Addressing the problem of water scarcity was the major concern during the World Water Forum 6. Many solutions were suggested, but it seems that the answer to this crucial problem can be found in the sustainable use of water resources. In the field of sustainability, innovation must be applied in every possible sense, in order for modern civilization to keep developing and flourishing. While attending several different discussion panels that focused on possible solutions such as desalination, replacement of malfunctioning infrastructure and filtration of rainwater, a certain proposal gained my attention. During the High Level Panel on Transboundary Waters, Mr Ger Bergkamp, Regional Group and Programmes of IWA, introduced the idea of the use of different water qualities.
It is common knowledge that we are unsustainable consumers of water resources. Agricultural, household and industrial use deplete the Earth’s freshwater and experts state that water shortages will cause the next wars. One of the most water sensitive regions of the world is the Middle East. Rich in fossil fuels, but water-poor, the Arab world is already facing the cruel reality of insufficient water resources from unsustainable use and losses due to old and broken water infrastructure. These concerns were extensively discussed during the World Water Forum 6.
(post co-written with Caroline D’Angel0)
Student Reporter Maria-Tzina Leria interviewed Jean Marc Jahn, Chief Executive Officer of Société des Eaux et de l’Assainissement d’Alger (SEAAL) at the World Water Forum (you can listen to the podcast below). SEAAL is a private-public partnership between Algeria’s government and Suez Environment, the second largest private water company in the world . The partnership exists to expand water and sanitation access, as well as to build capacity at the local level through a specific program, Water International Knowledge Transfer Initiative (WIKTI), which provides videos, training and education to local operators. Suez presented this partnership and WIKTI as a ‘solutions’ in the Village of Solutions and on SolutionsforChange.org, the Forum’s online depository. Mr. Jahn brought Algerian operators with him to the World Water Forum and was clearly proud of the program. He says in the interview that in the past five years, there has been”…60,000 days of training in Algiers, and more than 50 percent of the trainers are Algerian. In the beginning it was zero.”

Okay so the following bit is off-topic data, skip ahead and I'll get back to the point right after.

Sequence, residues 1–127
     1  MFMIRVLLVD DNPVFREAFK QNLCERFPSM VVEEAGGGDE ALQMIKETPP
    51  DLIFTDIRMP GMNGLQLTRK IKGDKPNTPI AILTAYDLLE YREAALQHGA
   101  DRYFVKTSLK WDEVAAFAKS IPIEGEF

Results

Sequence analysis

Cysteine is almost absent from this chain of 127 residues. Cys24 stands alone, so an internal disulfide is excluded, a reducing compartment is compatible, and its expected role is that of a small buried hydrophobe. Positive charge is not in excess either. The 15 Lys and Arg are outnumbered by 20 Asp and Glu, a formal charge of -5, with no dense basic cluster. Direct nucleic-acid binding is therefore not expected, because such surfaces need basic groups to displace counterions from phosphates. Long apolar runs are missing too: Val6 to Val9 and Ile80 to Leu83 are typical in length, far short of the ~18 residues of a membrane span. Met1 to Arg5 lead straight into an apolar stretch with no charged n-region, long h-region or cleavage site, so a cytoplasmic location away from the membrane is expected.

By the second day of the World Water Forum 6, in Marseilles, France, talks were already starting to heat up! Taking advantage of my Press badge, I decided to attend a closed-for-the-public session on “Transboundary Waters”. Never had I imagined before that representatives of countries, international organizations, and private and public sectors would agree on unifyng and synchronizing their efforts under the threat of a common enemy: Water Scarcity. The meeting was chaired by Germany andco-chaired by Oman. Attendees included representatives of Austria, Botswana, France, Kyrgystan, Morocco, Sweden, the United Kingdom, Uzbekistan, the European Commission, the IUCN, the World Energy Council, the International Atomic Energy Agency, the Business Action for Water, the International Water Association, the World Water Council, theFood and Agriculture Organization, the WIWP, the UN Habitat, the UNCCD, the UN Industrial Development Organization and the WWF.